Why? I am very old, and you are young and strong. Whenever you are working, you are never deceitful, remiss, angry, hateful, or grumbling. I have never seen you commit such evils as I have the other workers. From now on you shall be just like my own son."
"Just then the elder gave him a name, calling him his son. The poor son, although delighted at his happening, still referred to himself as a lowly worker from outside. For this reason, for twenty years he was constantly kept at work sweeping away dung.
"After this, they trusted one another, and he came and went without difficulty. However, he still stayed in the same place as before.
"World Honored One, at that time, the elder grew sick and knew he would die before long. He said to the poor son, "I now possess much gold, silver, and jewels, and my granaries and storehouses are filled to overflowing. You should know the detail their quantities and the amounts to be received and given. Such are my thoughts, and you should understand what I mean. What is the reason? You and I are now no difference. You should be even more careful that nothing be lost."
"At that time, the poor son, having received these instructions, took charge of all the goods, the gold, silver, and precious gems, as well as the granaries and storehouses, and yet he did not long for so much as a single meal. He continued to stay in the same place, still unable to let go of his lowly thoughts.
"After a short while, the father knew that his son had grown more relaxed, that he had accomplished the great resolve and despised his former state of mind. Knowing that his own end was near, he ordered his son to gather ministers, Kshatriyas, and laypeople. When they had all assembled, he spoke to them saying,
"All of you gentlemen should know that this is my son, begotten by me. In a certain city, he left me and ran away to suffer desolation, poverty, and hardship for over fifty years. His original name was such and such, and my name was such. Long ago, in my native city, I anxiously sought him. This is really my son. I am really his father. All of my wealth now belongs to my son,and all that has been paid out and taken in is known by him."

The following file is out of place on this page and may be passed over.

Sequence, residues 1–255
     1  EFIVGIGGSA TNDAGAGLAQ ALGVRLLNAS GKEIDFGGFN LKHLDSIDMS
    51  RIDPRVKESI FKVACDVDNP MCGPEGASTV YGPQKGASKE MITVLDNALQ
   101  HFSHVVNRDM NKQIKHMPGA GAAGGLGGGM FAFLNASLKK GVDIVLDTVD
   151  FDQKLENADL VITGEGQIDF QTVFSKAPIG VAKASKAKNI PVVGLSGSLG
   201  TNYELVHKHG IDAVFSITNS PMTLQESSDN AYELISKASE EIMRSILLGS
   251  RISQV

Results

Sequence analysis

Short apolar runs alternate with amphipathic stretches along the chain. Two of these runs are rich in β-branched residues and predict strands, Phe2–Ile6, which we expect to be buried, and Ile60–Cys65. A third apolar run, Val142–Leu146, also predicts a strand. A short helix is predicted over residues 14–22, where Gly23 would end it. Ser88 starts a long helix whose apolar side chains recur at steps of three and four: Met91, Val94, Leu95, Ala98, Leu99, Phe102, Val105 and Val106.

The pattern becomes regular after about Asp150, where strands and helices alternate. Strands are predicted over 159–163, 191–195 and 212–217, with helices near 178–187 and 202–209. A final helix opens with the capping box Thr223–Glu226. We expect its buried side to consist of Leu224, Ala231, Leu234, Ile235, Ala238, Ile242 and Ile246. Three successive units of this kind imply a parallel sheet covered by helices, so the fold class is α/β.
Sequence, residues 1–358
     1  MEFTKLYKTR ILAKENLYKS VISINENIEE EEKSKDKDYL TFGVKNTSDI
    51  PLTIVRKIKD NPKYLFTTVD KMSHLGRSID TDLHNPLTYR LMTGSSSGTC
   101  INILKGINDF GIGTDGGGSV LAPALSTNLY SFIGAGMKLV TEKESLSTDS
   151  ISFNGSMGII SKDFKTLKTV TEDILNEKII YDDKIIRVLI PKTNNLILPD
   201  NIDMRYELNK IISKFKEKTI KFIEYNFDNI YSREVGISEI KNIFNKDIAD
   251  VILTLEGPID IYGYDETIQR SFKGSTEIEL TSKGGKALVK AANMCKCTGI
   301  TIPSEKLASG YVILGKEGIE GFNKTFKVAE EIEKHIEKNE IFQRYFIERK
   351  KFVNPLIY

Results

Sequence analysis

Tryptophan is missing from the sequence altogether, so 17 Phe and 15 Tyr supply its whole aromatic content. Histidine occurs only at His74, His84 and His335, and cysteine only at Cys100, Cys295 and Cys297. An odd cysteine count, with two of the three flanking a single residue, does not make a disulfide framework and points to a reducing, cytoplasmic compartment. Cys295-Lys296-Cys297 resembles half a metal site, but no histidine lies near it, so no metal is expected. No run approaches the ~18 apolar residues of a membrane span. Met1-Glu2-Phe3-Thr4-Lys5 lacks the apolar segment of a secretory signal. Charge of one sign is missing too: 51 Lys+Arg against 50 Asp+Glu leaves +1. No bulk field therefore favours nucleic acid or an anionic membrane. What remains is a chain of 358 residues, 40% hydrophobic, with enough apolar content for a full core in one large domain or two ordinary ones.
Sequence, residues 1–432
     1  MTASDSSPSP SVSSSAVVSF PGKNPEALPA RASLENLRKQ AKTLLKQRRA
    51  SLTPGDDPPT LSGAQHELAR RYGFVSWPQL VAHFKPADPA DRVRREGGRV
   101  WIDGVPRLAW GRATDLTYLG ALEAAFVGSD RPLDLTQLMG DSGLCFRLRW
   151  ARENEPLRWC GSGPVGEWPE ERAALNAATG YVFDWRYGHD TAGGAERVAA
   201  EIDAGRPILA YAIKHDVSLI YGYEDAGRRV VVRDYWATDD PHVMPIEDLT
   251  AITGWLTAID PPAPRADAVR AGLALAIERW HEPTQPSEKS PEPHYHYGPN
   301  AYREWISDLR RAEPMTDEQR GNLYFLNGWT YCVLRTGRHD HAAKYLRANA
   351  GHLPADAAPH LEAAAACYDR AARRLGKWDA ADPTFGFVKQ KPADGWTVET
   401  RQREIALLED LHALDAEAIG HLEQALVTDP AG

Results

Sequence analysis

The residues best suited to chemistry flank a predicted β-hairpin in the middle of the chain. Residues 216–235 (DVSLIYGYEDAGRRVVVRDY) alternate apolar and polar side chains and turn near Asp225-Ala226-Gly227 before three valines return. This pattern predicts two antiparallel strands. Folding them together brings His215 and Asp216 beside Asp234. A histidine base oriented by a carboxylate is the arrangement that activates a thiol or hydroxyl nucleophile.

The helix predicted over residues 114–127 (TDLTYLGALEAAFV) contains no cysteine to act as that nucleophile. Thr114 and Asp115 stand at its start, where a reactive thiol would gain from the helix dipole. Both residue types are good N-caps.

"World Honored One, when the poor son heard what his father had said, he rejoiced greatly, having obtained what he had never had, and he thought, "Originally, I had no thought to seek anything, and now this treasury has come to me of itself."
"World Honored One, the great and wealthy elder is the Thus Come One. We are all like the Buddha's sons. The Thus Come One always says that we are his sons.
"World Honored One, because of the three kinds of sufferings, we have suffered much torment in the midst of births and deaths. Deluded and ignorant, we clung to petty Dharmas.
"Today, the World Honored One has caused us to think about getting rid of the dung of frivolous discussions of the Dharma. We increased our vigor to earn one day's wage of Nirvana. Having attained this, our hearts rejoiced greatly, and we were content, saying to ourselves that, through our diligence and vigor, what we had gained in the Buddhadharma was plentiful.
"However, the World Honored One, knowing all along that our minds were attached to lowly desires and took delight in petty Dharmas, let us go our own way and did not specify to us saying, "You are all to have a share in the treasury of the Thus Come One's knowledge and vision."
"The World Honored One, using the power of expedient devices, has spoken of the Thus Come One's wisdom. Having gained from the Buddha the one day's wage of Nirvana, we took it to be a great attainment; we had no ambition to seek the Great Vehicle.
Besides, the wisdom of the Thus Come One had been set forth for the sake of the Bodhisattvas, and so he held no expectations regarding it. What is the reason? The Buddha knew that our minds took delight in petty Dharmas. He used the power of expedients to teach us in the appropriate manner, and we did not know that we were truly the Buddha's sons.